A 7 hour layover period. One city to explore. This mini-series is a narrative of my time spent in Abu-Dhabi, and is written in chronological order.
WARNING: POST CONTAINS BLURRY PICTURES
Plan for 7 hours:
- 2 hours Check in and getting through customs
- 1 hour Stash extra cabin baggage in airport, exchange currency, figure out taxi stand location and fares
- 4 hours RUN around Abu-Dhabi
Flight landing: 1930 local time
Flight departure: 0230 local time
My target is to explore town then arrive at airport by 0030 local time.
2245 local time
“Bro, do you need a ride?”
Here’s a fact about taxis in Abu-Dhabi:
If you hitched a ride at the airport, your starting fee will be 25 Dirhams, which is much more expensive than anywhere else in the city, where your starting fee is 5 Dirhams. Given the fact that Abu-Dhabi is a large city, the best way to get around is either by buses, taxis, and cars.
That was the first thing Raja told me as we started our drive. As we pulled into the main road, I told him that my destination was the airport, but we’d take a ‘detour’ around town. Given that the biggest attractions such as Ferrari World and most of the shopping malls were closed by now, this would be a sightseeing tour than anything else.
One of the first things I noticed about Abu-Dhabi city center is the abundance of large buildings, with each one beautifully designed/decorated. The streets are wide and brightly lit, giving the city a metropolitan look, but with plenty of open space that you don’t feel like you’re in just any city (think Hong Kong or NYC, but with an abundance of open space).
2300 local time
The first destination on our joyride was Al-Maryah island. This island, and others like it, more famous examples being the Palm islands in Dubai, were made with sand as the foundation. With construction started in 2007, the island was only completed later in 2017, and the beauty is self-evident. With a hospital, a finance center, and a massive supermarket (The Galleria), the island has an extensive underground tunnel network that employees working the island can use to get around, clearing the main streets for the visitors above.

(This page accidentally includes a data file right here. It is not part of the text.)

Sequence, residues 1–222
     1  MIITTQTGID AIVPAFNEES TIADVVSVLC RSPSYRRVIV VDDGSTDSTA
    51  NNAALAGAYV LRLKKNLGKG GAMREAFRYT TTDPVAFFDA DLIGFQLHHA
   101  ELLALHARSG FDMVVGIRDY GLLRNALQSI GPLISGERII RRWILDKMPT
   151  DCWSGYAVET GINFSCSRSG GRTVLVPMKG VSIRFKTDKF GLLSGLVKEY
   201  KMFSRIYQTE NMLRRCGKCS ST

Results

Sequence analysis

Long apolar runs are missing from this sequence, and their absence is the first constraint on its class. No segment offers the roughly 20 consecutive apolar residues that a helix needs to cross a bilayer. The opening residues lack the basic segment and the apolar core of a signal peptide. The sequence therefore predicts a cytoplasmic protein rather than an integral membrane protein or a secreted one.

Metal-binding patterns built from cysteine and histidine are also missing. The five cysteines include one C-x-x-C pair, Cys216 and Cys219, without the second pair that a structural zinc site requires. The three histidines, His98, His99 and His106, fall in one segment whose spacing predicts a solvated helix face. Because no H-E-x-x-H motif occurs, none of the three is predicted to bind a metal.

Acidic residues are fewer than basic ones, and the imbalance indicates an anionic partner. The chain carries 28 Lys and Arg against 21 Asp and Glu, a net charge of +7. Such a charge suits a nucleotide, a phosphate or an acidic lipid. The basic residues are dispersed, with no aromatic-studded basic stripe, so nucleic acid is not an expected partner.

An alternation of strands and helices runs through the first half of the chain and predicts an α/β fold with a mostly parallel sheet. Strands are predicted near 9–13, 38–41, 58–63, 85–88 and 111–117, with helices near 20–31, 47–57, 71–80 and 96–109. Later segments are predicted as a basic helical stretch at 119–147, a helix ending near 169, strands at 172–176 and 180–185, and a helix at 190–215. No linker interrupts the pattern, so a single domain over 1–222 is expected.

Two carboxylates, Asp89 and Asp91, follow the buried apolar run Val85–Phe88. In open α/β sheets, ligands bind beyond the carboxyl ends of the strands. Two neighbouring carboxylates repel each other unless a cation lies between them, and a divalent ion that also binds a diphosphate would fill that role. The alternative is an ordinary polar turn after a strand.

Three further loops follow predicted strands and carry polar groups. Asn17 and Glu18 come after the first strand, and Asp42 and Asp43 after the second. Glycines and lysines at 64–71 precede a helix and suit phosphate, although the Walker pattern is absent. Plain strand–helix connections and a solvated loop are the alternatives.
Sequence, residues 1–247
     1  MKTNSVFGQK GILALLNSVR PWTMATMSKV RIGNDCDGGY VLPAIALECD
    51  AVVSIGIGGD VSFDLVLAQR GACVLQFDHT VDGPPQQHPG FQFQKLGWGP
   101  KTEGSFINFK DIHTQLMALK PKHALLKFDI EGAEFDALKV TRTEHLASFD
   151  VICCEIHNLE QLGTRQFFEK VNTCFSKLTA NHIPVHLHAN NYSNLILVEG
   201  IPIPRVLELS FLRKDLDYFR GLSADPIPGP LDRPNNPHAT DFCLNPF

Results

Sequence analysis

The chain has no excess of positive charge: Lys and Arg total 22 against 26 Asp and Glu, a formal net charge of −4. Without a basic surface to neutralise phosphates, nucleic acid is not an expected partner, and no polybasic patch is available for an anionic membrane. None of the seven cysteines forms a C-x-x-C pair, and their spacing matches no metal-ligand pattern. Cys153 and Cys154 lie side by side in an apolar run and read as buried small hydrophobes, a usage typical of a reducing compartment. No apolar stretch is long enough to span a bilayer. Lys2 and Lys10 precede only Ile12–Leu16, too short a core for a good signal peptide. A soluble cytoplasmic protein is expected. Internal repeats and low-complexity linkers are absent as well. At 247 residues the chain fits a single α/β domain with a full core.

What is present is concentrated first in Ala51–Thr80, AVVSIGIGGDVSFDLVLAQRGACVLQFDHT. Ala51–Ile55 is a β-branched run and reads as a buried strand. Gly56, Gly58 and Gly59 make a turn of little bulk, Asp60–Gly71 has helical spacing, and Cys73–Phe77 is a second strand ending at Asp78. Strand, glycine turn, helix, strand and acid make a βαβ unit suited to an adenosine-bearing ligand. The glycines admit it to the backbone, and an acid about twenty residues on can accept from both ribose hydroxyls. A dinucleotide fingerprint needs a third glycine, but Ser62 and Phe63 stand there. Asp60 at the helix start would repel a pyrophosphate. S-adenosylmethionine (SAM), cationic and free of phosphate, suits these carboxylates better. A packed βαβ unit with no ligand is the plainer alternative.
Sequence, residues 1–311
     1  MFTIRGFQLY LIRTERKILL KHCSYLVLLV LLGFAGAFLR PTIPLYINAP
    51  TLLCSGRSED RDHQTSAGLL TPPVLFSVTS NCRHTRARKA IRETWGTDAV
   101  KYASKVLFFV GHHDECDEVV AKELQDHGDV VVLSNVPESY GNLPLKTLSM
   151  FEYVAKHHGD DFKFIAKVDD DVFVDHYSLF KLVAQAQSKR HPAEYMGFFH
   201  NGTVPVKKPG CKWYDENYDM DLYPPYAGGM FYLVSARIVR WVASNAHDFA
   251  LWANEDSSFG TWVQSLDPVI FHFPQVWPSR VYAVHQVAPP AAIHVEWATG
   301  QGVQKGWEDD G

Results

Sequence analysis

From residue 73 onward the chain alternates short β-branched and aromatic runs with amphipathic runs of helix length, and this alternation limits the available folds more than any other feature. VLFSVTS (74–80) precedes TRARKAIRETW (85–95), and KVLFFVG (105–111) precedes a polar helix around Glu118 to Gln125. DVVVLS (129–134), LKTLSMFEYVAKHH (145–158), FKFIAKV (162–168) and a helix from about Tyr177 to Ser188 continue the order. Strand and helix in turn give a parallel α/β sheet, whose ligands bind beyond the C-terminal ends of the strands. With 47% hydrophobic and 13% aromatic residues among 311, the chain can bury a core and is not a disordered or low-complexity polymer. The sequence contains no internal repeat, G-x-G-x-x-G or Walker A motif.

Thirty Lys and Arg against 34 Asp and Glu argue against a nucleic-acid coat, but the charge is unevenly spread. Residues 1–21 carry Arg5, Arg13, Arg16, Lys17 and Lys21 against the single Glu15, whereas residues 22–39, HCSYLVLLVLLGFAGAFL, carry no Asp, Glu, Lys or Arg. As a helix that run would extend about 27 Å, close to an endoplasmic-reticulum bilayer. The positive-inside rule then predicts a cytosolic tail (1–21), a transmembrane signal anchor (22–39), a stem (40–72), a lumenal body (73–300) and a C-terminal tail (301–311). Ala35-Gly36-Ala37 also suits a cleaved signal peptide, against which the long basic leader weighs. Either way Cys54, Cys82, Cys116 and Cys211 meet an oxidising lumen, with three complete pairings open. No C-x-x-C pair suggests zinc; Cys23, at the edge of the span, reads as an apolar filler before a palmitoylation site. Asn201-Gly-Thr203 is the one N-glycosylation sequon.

According to Raja, Abu-Dhabi is a hardworking metropolis. Unlike its more renowned sister Dubai, I was initially surprised that Abu-Dhabi wasn’t a party city. Raja puts it this way (or at least from what I can recall):
“In Abu-Dhabi, we don’t party all the time, maybe on some Saturdays, where people go out to the streets and have a good time. Otherwise, we normally spend our free time relaxing in shopping malls. Me? I like good coffee and a movie.”
2320 local time
Speaking of malls, when we arrived at the Marina Mall, I couldn’t help but be impressed. From what I can tell, it is massive on the inside, and according to Raja, it is the place to go to for leisure, and I’m sure that the locals agree too. Shame it was closing by the time I arrived
2330 local time
So many attractions in one spot. The Etihad towers, featured in the Fast and Furious 7 (where Dom and Brian drive the Lykan Hypersport through two towers), but sadly with the light pollution, it was nearly impossible for me to get a good picture of these towers.
The Emirates Palace, a famous, well designed 5-star hotel, but even more gorgeous at night. At this point Raja decided to stop our taxi (and meter), and allowed me to get better shots of these attractions.
The UAE Presidential Palace. The residence of the Khalifa himself, it is nothing short of absolute splendour (at the gates). Due to security reasons and the palace being closed off to all but invited guests, we could not stay and take any pictures. Of course, your cheeky author got a quick, blurry snapshot from the ‘safety’ of the taxi.
With that being said, I had a flight to catch.
2345 local time
We hit the road, heading straight for the airport. Luckily, there was one last sight to see before I left Abu-Dhabi. The Sheikh Zayed Mosque, easily one of the more beautiful mosques I have seen. Being next to the highway, Raja slowed down for me to take these shots:
0020 local time
Meter fare: 108.50 Dirhams (For reference, my taxi ride from the airport to town cost me 85 Dirhams, and this taxi joyride took Raja and I approximately 1 and a half hours and cost 108.5 Dirhams.)
It was with slight sadness when I stepped out of Raja’s taxi. While at this point in time I have forgotten most of our conversation, I will never forget him being my friendly tour guide. I don’t know if you’ll ever come across this, but thanks for allowing me to me to catch a glimpse of another world not so different from home. You rock.
There ends my one-midnight adventure/joyride in a city not so different from all the places I’ve been to, albeit much more pleasing in aesthetics.
When was the last time you had an adventure like that during your layover? Where was it? Let us know in the comments, and have a great day ❤
P.S: Note that names in this post have been changed for anonymity purposes, upon request.